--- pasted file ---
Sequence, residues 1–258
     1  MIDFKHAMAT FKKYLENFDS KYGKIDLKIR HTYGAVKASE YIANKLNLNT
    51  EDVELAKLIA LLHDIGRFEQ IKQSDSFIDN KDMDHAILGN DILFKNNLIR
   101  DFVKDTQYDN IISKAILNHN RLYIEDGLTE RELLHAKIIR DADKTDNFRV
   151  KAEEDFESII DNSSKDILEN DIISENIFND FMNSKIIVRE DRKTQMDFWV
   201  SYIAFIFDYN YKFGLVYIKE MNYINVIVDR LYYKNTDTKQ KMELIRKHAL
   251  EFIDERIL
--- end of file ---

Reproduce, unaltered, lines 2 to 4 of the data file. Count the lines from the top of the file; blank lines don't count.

     1  MIDFKHAMAT FKKYLENFDS KYGKIDLKIR HTYGAVKASE YIANKLNLNT
    51  EDVELAKLIA LLHDIGRFEQ IKQSDSFIDN KDMDHAILGN DILFKNNLIR
   101  DFVKDTQYDN IISKAILNHN RLYIEDGLTE RELLHAKIIR DADKTDNFRV